ST. PETE BEACH — A voter-approved comprehensive plan — the legal guide for all development and redevelopment within the city — has been declared invalid.
Pasco-Pinellas Circuit Court Judge David Demers ruled against the city Wednesday in a long and bitterly fought case.
The case, along with others pending, mirrors much of the recent debate over a state constitutional amendment that would have required voter approval of local comprehensive land use plans. Called "Hometown Democracy" by its supporters, Amendment 4 was defeated by voters in November.
St. Pete Beach has spent nearly a half million dollars in legal fees so far to fight the suits against it. Now it appears the city may be forced to spend even more to reimburse resident Bill Pyle for the costs he incurred in fighting the development regulations approved by voters in 2008.
His attorney, Ken Weiss, said Sunday those fees are "well in excess of $100,000" but "a fraction" of what the city has spent.
"Yikes," said St. Pete Beach Mayor Mike Finnerty. "This is truly an unfortunate situation for St. Pete Beach. The city is in dire need of redevelopment. I don't know where this ruling puts us."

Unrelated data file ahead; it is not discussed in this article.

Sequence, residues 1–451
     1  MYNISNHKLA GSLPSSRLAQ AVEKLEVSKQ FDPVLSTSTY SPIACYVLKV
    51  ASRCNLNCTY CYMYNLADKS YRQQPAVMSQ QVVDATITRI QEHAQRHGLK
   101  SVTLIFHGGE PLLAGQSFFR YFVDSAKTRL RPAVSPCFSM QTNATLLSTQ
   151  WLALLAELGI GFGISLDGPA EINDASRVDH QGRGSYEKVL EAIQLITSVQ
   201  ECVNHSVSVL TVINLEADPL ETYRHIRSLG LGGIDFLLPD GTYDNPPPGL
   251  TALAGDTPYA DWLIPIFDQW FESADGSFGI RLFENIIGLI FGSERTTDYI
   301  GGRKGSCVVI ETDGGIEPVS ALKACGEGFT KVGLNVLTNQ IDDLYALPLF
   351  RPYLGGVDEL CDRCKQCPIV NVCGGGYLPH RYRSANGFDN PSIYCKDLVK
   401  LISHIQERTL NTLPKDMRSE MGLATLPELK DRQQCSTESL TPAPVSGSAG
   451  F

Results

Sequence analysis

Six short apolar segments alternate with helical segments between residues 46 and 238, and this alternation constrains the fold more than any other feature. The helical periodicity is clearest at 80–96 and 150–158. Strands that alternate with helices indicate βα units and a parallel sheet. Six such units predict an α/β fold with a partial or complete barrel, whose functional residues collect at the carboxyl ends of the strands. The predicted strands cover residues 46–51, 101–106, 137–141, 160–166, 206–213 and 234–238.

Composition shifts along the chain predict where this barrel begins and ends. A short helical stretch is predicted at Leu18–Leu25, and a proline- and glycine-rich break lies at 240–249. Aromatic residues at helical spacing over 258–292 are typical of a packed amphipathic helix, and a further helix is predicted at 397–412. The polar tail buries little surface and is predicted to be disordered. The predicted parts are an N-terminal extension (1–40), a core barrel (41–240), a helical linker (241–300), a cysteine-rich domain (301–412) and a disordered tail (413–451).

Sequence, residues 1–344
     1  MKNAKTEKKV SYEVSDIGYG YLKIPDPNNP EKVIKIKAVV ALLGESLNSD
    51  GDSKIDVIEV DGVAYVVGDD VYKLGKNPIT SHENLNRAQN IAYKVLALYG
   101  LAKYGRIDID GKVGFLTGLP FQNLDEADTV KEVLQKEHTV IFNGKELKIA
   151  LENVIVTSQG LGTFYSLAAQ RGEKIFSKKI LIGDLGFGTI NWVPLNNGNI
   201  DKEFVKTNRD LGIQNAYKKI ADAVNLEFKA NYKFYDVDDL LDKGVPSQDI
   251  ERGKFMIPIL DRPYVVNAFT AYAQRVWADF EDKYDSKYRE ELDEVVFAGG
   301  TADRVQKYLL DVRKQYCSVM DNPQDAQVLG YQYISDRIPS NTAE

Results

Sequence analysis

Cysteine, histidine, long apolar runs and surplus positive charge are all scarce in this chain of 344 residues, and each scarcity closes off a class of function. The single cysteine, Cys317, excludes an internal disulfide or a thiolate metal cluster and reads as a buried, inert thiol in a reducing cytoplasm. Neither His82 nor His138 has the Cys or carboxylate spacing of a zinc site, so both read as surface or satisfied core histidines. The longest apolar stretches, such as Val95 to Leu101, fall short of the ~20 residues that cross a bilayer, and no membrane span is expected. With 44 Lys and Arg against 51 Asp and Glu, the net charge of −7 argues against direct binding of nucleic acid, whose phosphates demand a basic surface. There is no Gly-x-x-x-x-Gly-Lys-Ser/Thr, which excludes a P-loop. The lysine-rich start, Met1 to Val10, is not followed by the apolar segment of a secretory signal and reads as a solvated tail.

The ruling involves four ordinances approved by voters that changed the comprehensive plan, particularly as it applies to redevelopment of the aging hotel row along Gulf Boulevard.
Demers found the referendum ballot summaries did not meet requirements of state law or the City Charter.
"Obviously, I am gratified with the judge's decision, which was elegant and decisive. If I had been on the other side, I would be less pleased," Pyle said.
He asserted voters were deceived about the real impact of the 2008 comprehensive plan changes. The judge agreed.
"Plaintiff is right. The ordinance misleads voters," the judge ruled, describing one ballot summary as "wordsmithing" and another as "illusory."
The amended comprehensive plan initially was drafted by Save Our Little Village (SOLV), a pro-hotel group that subsequently joined the city in fighting Pyle's attempts to reverse the referendum's results.
There are other suits involving other aspects of the comprehensive plan pending against the city filed by residents Bruce Kadura and Richard McCormick.
Those suits are also before Demers and a ruling on them is expected by the end of the year.
Finnerty said the court ruling and its implications will be discussed at the next regular City Commission meeting Dec. 14, or possibly before if a special workshop is called.
Weiss described the judge's decision as a "vindication."
"All the city and SOLV had to do was tell the citizens the truth. But they hid the real issue — that the proposed comprehensive plan increased height and density on the beach for hotel owners," he said.